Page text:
At HelloFlo, we know a thing or two about funny videos (we’re looking at you, “Camp Gyno” and “First Moon Party”), so when comedian Victoria Elena Nones came to us with her hilarious Tampon Rap, we knew it was a winner.
Check out the video above, and also read below as Nones tells us more about the video, the creative process, and her life as a comedian.
Before we even get into the video, can you tell us a little bit about how you got into comedy, especially musical comedy?
Victoria Elena Nones: I come from 17 years of musical theater and was always playing comedic roles throughout my childhood, high school, and my 20s. In college, I started to realize that the musical theater roles for females are very limiting. Women are basically relegated to two, one dimensional “types” in almost all musical theater scripts – older, ridiculous, possibly overweight character role or young, naive, ingenue role. Where were the rest of the women who I knew existed that didn’t fit into those two cookie cutter molds, including myself? Nowhere. That’s why I started writing and directing a lot in college.
By writing my own material, I discovered that I had so much more fun developing and producing content that was my own. It represented me, women I knew, and was joyful to be a part of. Naturally, singing, writing music, and musical comedy were what thrilled me the most. I moved to Chicago in 2011 to get some professional training at Second City and Improv Olympic, and the rest, as they say, is history.
What inspired you to create the Tampon Rap, and what was the writing process like?
VEN: There was a fantastic, very opinionated, highly radical and feminist book I read by Inga Muscio. (Its title is Cunt but I don’t know if that should be mentioned since it’s a strong stigmatized word – which is exactly why she titled it that: to reclaim the word in the same way that gay community reclaimed “queer” and other communities/marginalized groups often reclaim words that are negative and turn them into a positive.)
In the book, Inga has an extensive chapter about women’s periods. She discussed the ideas of celebrating them instead of shaming them and cracked my world open. Her ideas inspired me and I wanted to find a fun way to share that sentiment with others.
So when we break that idea of shaming periods down into our day to day lives as modern women, one of the things I noticed about myself and other women is this need to literally hide your tampon everywhere you go. Whether you’re at school, work, a dinner date, or anywhere public. I see it all the time! And I find myself doing it too. Women sneak or hide their tampons/pads in their purse or pocket when they go to the bathroom. Why?! Why are we ashamed of having a period when every single woman has one? EVERY SINGLE ONE OF US? Ridiculous, right? So, I thought, wouldn’t it be fun if we lived in a world where women could flaunt their tampons and being on our periods were not only okay, but very positive. And thus, The Tampon Rap was born.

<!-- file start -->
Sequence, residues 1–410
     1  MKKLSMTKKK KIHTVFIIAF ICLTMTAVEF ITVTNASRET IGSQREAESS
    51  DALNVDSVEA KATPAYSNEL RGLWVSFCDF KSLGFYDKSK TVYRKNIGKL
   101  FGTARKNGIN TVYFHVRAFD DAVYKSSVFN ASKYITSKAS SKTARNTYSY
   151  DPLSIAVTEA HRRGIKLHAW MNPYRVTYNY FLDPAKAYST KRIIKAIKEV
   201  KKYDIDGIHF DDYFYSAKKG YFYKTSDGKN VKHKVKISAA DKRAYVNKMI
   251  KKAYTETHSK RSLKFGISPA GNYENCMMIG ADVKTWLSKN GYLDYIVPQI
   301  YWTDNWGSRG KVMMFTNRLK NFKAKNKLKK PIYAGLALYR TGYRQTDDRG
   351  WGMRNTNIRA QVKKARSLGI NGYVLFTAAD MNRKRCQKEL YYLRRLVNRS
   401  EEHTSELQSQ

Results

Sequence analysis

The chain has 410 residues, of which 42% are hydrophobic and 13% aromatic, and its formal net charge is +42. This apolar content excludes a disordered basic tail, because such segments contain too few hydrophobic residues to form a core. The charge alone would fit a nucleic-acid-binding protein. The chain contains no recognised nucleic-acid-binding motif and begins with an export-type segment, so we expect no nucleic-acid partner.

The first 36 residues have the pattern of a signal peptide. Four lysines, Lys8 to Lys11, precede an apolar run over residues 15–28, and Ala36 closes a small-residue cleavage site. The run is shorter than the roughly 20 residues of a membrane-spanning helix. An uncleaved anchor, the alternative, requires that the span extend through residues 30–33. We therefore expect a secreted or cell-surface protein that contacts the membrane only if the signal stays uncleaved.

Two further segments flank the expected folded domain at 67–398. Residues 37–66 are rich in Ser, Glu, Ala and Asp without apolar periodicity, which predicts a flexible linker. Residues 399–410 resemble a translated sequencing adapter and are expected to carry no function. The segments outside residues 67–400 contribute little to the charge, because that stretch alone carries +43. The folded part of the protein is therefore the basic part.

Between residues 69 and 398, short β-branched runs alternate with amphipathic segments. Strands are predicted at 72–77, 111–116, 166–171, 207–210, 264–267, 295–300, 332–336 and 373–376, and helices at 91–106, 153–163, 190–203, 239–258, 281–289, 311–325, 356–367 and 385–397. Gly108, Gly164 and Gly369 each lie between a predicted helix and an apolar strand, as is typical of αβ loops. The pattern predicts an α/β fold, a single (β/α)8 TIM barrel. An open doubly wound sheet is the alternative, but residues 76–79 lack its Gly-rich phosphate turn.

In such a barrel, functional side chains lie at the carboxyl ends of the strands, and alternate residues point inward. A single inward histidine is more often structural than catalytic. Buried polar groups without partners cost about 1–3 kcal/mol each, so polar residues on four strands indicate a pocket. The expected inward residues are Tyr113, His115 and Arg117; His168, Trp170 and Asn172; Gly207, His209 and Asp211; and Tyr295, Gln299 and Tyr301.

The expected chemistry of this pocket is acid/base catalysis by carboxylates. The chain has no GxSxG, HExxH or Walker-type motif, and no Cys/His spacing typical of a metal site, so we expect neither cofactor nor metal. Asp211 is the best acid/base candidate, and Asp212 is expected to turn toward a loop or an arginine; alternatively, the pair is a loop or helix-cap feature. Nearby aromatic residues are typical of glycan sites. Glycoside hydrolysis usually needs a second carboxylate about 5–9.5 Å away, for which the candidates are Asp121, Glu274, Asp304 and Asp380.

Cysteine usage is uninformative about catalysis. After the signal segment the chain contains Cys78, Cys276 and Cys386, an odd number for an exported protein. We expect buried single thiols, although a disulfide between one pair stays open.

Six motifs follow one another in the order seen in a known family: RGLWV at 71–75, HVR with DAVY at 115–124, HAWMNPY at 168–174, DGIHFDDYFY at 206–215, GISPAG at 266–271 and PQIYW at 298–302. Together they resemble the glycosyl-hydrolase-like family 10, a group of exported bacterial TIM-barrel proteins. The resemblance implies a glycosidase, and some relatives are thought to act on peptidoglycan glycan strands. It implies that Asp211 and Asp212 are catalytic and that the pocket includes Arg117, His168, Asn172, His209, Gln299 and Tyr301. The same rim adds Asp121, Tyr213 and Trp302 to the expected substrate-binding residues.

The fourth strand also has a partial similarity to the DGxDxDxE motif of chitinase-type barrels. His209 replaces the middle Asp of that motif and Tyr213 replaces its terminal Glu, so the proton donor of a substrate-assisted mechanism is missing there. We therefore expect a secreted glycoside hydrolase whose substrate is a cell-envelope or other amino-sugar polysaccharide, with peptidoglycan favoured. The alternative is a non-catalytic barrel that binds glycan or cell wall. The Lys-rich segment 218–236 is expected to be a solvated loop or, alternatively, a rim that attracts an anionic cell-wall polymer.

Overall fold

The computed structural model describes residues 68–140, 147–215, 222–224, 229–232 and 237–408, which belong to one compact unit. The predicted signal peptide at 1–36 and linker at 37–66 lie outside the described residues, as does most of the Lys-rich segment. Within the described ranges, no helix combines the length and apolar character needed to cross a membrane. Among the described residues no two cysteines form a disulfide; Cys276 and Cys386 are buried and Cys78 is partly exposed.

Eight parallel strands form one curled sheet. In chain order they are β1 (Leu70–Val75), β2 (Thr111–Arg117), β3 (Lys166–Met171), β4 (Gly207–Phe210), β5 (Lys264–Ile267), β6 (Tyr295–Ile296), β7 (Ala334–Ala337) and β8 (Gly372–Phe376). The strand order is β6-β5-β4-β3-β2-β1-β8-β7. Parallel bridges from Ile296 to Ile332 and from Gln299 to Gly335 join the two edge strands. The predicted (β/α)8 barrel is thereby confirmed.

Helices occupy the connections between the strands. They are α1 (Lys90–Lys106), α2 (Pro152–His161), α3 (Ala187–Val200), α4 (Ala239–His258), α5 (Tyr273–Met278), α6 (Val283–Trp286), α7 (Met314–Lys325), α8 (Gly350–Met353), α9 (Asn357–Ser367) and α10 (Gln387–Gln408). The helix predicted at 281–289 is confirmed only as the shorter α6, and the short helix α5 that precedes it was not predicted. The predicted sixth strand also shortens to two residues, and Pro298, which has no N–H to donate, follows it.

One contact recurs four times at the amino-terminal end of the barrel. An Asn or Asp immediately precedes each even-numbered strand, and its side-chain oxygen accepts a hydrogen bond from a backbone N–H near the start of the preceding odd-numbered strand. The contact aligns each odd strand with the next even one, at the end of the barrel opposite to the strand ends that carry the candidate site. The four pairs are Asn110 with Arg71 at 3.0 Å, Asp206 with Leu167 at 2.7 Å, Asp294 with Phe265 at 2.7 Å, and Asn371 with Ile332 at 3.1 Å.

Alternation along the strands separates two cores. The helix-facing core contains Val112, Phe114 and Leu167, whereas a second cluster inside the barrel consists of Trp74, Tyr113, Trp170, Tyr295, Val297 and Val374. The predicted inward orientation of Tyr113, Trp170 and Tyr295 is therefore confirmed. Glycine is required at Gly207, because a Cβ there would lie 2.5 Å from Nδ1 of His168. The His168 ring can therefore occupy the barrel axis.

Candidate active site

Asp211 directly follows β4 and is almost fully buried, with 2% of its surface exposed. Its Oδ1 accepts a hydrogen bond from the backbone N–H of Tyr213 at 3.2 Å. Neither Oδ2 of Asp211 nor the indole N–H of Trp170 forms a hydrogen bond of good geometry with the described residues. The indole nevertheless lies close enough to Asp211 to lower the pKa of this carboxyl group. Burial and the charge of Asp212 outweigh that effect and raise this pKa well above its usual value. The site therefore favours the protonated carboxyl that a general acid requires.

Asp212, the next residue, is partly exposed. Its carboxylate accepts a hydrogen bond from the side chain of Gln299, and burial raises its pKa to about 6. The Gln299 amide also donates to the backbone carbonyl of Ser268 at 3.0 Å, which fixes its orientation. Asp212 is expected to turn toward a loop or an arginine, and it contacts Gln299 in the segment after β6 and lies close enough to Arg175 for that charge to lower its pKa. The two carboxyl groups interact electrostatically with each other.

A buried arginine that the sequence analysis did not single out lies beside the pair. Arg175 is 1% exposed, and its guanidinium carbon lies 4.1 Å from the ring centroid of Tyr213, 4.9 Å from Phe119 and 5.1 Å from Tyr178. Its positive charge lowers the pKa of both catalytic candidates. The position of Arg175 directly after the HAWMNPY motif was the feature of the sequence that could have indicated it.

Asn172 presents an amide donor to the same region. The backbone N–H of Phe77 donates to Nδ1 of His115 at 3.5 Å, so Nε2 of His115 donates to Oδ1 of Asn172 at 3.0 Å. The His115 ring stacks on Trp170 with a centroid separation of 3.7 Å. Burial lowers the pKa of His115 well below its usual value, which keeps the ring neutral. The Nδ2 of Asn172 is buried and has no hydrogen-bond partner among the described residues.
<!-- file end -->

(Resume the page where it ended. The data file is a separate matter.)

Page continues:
As far as the genre and lyrics, I played with a few different ideas about tampons. Maybe it could be a tampon party? As I started writing the verses, they felt very verbal in a rap type of flow and I rolled with it. The Tampon Rap has had a few different versions since I originally wrote it a few years ago. I’ve performed it all over and it’s fun to sometimes discover new things in the moment when performing it live. I often will create new lyrics in the moment through improv and then keep ones that I love. It’s one of the beautiful things about being a woman who writes her own material – I can change or adjust it anytime I like – and I don’t have to be a one dimensional woman of musical theater.
What’s your favorite lyric of the song?
VEN: I love the lyric, “You don’t respect yourself.” I think it’s just a funny sentiment to think that women who try to save money when caring for their vaginas don’t respect themselves. Of course that’s an exaggeration (comedy) and every woman has the right to use whatever product she wants for her period – even if she needs to save a couple dollars.